Last week Governor Wolf delivered his 2017-18 state budget address before a joint session of the General Assembly. The $32.3 billion proposed budget represents a slight increase in overall spending with no broad based tax increase being offered. I heard several encouraging proposals and initiatives in the governor’s speech last week and some other items that will require further review and consideration.
The governor’s budget continues to invest in our most precious resource, our children, providing an additional $200 million for schools. These additional state dollars would give our students the resources they need at the same time helping local districts hold the line on property taxes. The proposed budget raises basic education funding by $100 million, vital Pre-K programs by $75 million and special education by $25 million.
I was extremely pleased to see the governor place an emphasis on job growth and investment in the manufacturing sector. It is imperative that we again invest in Pennsylvania workers and doing so also will aide in shoring up our state’s financial standing. I am an enthusiastic supporter of the governor’s “Manufacturing in PA” initiative that connects research universities and Industrial Resource Centers to help generate 6,000 manufacturing jobs, leverage $30 million in matching funds and infuse $950 million dollars into our economy. A new job training apprenticeship grant program will assist these endeavors while helping to boost the middle class and provide more opportunities for workers.
It is past time that we raise the minimum wage in Pennsylvania which has not seen an increase since 2009. The governor has proposed incorporating a minimum wage increase into this year’s budget. Numerous studies have shown that a moderate minimum wage hike would relieve stress on taxpayer-funded assistance programs, inject dollars into our economy from increased consumer spending and most importantly, help working families who struggle to make ends meet.
I appreciate the governor’s efforts to invest our scarce resources wisely by focusing on spending cuts and service consolidation rather than tax increases. The governor is proposing the consolidation of health-related agencies in an effort to streamline operations, save money and improve service. A new Department of Criminal Justice would be formed, consisting of the merging of the Department of Corrections and the Board of Probation and Parole. The governor is also proposing converting tax credit incentive programs into a block grant.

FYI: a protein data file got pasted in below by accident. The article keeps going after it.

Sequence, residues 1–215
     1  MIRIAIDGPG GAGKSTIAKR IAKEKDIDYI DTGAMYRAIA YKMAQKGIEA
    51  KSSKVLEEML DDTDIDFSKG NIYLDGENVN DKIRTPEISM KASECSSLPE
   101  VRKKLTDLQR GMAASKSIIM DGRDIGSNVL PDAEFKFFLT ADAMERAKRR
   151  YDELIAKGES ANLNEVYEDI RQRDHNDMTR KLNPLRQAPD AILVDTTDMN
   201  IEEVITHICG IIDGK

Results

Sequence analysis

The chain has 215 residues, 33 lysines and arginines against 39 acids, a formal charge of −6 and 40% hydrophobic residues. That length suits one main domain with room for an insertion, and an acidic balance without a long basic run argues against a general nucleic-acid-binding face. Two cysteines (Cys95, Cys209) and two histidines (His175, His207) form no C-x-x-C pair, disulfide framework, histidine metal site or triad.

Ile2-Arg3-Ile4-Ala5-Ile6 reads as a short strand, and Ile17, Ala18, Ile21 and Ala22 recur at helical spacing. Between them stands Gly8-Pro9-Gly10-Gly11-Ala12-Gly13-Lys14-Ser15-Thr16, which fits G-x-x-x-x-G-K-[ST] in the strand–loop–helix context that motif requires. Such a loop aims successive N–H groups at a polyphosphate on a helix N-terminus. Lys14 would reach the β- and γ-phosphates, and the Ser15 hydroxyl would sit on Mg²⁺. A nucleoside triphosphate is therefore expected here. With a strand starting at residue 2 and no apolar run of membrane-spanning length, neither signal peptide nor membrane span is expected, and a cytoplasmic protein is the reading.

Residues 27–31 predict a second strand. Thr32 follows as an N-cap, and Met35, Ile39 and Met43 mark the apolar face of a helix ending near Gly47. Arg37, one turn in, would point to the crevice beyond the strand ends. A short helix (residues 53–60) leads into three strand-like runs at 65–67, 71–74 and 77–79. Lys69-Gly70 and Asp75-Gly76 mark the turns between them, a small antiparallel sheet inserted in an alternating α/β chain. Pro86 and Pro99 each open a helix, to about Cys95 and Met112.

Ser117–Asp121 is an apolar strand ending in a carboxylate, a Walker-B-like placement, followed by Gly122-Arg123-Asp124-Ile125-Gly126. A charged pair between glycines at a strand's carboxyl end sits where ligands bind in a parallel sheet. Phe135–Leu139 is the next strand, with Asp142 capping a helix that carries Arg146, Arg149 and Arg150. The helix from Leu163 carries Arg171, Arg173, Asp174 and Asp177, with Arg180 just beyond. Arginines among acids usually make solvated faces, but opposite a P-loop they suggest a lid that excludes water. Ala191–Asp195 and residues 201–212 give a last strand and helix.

These consolidations and service cuts however are also parts of the governor’s budget proposal that need to be further examined to better understand the potential impact on constituents in the 42nd Senatorial District. The Neighborhood Assistance Program and the Film Tax Credit program are examples of two programs that have greatly benefited neighborhoods and constituents in my district and are programs I have always advocated for. We need to examine how proposed changes to these programs would be administered and what the potential effects would be.
In the coming weeks this proposal will be analyzed and debated in budget hearings. As we address the budget this year, keeping in mind that we face a potential $3 billion deficit, it is important the negotiations are both constructive and bi-partisan. I look forward to continued review of this proposal and look forward to hearing from constituents as we move through the budget process.
To read the governor’s budget proposal in full please visit www.budget.pa.gov.
All Senate offices will be closed on Monday, Feb. 20 in observance of Presidents’ Day. My offices will re-open on Tuesday, Feb. 21 as scheduled.
Restitution for Scam Victims
Pennsylvania Attorney General Josh Shapiro recently announced a settlement with the Western Union Company, requiring the company to install strong anti-fraud measures to protect consumers from being victimized by scams requiring them to send money to third parties through Western Union. In addition to Pennsylvania, 48 other states and the District of Columbia participated in the settlement.
As part of the settlement, Western Union has agreed to pay a total of $5 million to the states for states’ costs and fees. Pennsylvania will receive a portion of that total. In addition to this settlement with the states, Western Union also settled claims related to fraud-induced transfers with the Federal Trade Commission and U.S. Department of Justice. As part of those settlements, Western Union has agreed to pay $586 million to a fund that the U.S. Department of Justice will administer to provide refunds to victims of fraud induced wire transfers nationwide, including victims in Pennsylvania. Of the $586 million, Pennsylvania consumers may be eligible for up to $21.5 million in restitution.
If you were a victim of this type of scam and want to learn more about whether you are eligible for restitution, please visit https://www.justice.gov/criminal-mlars/remission or click here.
Individuals who believe they have been contacted by a scam artist are encouraged to call the Attorney General’s Bureau of Consumer Protection at 1-800-441-2555 or visit www.attorneygeneral.gov to file a complaint online.
Did You Know…
Did you know in 2016 over $81 million was lost by consumers who fell victims to various types of scams?
Property Tax/Rent Rebate